How Small Businesses can Compete with its Largest Rivals With the Help of Blockchain


Businesses that embrace modern digital technology are more likely to see higher growth margins compared to those that are hesitant to adopt them. But even though large companies such as IBM and Microsoft are already applying blockchain to their systems, small businesses are lagging behind in terms of applying the technology.

Data is considered as the lifeblood of businesses, but there is a limit as to what kind of information a company can acquire and from whom they can get if from. Businesses who want to grow their customer base usually have to allocate funds to get information from third-party vendors like Amazon or Facebook—and this is different from the money they spend for advertising campaigns!

Amazon and a few major companies have cornered the market on acquiring and selling data. Everything ranging from shopping habits to political preferences to health issues of their users is information the buyer can rely on.

But, Blockchain can revolutionize this process simply by making data trustworthy on its own. Blockchain offers complete transparency, so everyone can see the source of any information and be assured that it is not tampered with.
This is good news for businesses as this ultimately means that the Internet giants will no longer be the only source of data.


Acquiring data today is a lot like shopping at a store like Walmart or Costco. The seller is big and decides on what inventory will be available and for how much. But, what if acquiring data was a lot like visiting an open bazaar?

Because data is now trustworthy, the “Walmart” or “Costco” model is now bound to be obsolete. Basically any business can offer up the data they are unable to monetize, and buyers will know it is real and trustworthy information.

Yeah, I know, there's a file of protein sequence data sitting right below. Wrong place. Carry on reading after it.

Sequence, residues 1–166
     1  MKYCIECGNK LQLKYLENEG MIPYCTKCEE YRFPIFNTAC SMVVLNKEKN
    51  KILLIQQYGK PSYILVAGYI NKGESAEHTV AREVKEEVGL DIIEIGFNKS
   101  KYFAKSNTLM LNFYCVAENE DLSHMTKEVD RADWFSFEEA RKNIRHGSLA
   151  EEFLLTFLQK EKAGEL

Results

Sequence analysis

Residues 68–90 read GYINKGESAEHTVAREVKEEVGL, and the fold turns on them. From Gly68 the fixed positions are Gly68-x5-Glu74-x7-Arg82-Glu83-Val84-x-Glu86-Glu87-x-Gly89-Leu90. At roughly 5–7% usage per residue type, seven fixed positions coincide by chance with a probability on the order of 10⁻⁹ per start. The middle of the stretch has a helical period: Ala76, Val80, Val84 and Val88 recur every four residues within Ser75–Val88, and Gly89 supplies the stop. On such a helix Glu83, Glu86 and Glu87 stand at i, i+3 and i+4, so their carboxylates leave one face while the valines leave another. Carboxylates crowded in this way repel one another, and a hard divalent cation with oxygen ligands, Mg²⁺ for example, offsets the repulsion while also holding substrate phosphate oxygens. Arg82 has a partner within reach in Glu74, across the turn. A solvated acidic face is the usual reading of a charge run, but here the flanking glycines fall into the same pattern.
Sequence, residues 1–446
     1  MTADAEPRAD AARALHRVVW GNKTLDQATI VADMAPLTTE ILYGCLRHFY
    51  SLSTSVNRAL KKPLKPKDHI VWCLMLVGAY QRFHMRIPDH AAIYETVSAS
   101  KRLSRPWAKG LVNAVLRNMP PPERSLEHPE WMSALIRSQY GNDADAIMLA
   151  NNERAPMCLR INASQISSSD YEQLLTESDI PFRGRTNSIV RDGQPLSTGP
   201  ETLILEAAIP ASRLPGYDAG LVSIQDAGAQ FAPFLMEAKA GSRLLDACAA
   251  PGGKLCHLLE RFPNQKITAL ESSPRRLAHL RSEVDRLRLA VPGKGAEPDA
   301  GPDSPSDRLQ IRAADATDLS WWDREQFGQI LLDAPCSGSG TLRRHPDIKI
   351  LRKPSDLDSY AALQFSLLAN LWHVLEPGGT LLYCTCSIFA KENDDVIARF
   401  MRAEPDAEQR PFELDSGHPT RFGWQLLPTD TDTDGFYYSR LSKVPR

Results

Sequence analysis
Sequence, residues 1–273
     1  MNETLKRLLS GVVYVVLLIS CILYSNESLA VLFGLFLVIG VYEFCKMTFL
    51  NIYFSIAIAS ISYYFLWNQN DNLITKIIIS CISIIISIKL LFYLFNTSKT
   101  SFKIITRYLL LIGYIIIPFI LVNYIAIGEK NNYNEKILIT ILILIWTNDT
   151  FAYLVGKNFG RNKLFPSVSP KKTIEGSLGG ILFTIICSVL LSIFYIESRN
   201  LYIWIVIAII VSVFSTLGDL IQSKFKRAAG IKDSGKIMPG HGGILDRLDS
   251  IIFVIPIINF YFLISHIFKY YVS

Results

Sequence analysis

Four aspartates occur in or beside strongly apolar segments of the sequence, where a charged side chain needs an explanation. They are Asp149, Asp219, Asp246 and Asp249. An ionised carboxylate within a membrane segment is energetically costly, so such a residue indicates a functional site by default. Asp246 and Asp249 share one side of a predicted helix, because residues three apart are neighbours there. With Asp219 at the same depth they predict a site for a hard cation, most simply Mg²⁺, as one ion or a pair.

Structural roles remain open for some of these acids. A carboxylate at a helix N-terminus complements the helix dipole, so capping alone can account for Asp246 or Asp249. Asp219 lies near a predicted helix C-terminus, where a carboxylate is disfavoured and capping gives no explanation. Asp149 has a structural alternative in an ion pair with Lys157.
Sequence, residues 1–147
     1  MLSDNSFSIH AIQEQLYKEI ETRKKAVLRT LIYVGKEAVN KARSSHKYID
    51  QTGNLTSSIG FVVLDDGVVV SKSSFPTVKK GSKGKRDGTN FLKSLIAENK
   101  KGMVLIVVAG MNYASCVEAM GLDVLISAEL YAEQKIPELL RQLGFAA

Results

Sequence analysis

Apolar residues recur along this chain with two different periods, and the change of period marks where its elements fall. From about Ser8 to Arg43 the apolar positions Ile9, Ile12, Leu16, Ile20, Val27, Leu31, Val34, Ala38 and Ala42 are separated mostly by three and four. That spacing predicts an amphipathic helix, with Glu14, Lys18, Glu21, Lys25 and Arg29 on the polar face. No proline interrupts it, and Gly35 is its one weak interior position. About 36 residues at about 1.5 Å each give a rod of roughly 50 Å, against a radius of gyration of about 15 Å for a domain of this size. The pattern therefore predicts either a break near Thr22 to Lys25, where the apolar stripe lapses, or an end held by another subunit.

If small businesses are able to share data directly with each other, they can make a wider variety of it available at a more affordable cost, so long as there are privacy methods in place with regards to how information is used. For example, acquiring data through third party vendors like Facebook or Google usually means a business can get user information, but not important information like email addresses and contact numbers.

On the other hand, direct data commerce means smaller businesses are able to get more legitimate information at half the cost, and they are also able to better target their ads and promotions.


When business data is verifiable, transparent and freely available, it should be easy for small businesses to see the kind of information available from where and from whom. No one wants to go shopping in a huge, open-air bazaar without an idea of what goods are available in which areas.

Buyers should be able to submit a query in a blockchain-enabled environment and receive information on which businesses have the kind of data they need.

Businesses that have a specific kind of data can use blockchain to spread an advertisement to every person in that exact demographic in behalf of the buyer. In this manner, the seller can use the customer’s email addresses without making that information publicly available to anyone else and therefore protecting their privacy.


When small businesses collaborate via direct data exchange, this could lead to new and unexpected benefits to consumers. Blockchain promises to bring transparency and confidence to online transactions, but its influence is probably going to be more disruptive than that. Blockchain will give consumers more choice and allow smaller businesses to cut costs by working together directly.

Nothing like this has ever been done or existed before, and the timing is simply just perfect. As Facebook’s recent issues show illustrate what happens when one abuses his or her power, or in this case, data. Regulators may be changing the way major companies collect and sell data, but blockchain’s influence could be even more disruptive.


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